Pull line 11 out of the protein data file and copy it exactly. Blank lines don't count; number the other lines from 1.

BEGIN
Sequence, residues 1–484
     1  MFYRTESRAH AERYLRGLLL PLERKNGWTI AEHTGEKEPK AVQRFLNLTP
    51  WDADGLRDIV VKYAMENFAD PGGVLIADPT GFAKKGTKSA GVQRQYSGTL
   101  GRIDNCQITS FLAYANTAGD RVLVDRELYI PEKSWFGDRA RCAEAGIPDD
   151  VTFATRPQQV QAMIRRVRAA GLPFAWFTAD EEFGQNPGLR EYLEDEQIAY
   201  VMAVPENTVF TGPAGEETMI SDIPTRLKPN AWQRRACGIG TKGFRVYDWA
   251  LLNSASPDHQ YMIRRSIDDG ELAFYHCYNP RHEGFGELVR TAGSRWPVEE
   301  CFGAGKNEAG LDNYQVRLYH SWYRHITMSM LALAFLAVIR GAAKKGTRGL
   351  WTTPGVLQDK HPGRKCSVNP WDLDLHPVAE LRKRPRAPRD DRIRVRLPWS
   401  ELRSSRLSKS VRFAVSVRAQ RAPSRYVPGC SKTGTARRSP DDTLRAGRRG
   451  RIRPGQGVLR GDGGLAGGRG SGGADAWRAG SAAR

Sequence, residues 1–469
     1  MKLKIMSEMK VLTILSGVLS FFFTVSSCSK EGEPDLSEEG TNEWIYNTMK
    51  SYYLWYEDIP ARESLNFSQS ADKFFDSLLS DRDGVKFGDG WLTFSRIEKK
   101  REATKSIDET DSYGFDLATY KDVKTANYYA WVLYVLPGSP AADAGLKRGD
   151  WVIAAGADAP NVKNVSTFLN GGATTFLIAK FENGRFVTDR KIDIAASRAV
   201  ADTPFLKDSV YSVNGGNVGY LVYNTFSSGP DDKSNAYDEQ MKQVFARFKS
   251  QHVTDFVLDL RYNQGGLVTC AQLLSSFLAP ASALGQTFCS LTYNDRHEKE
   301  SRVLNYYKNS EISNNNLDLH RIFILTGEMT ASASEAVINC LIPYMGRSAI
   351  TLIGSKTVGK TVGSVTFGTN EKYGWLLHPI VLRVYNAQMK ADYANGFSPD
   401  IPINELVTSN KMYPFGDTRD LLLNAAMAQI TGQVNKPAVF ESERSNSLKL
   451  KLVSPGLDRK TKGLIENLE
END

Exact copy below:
   451  RIRPGQGVLR GDGGLAGGRG SGGADAWRAG SAAR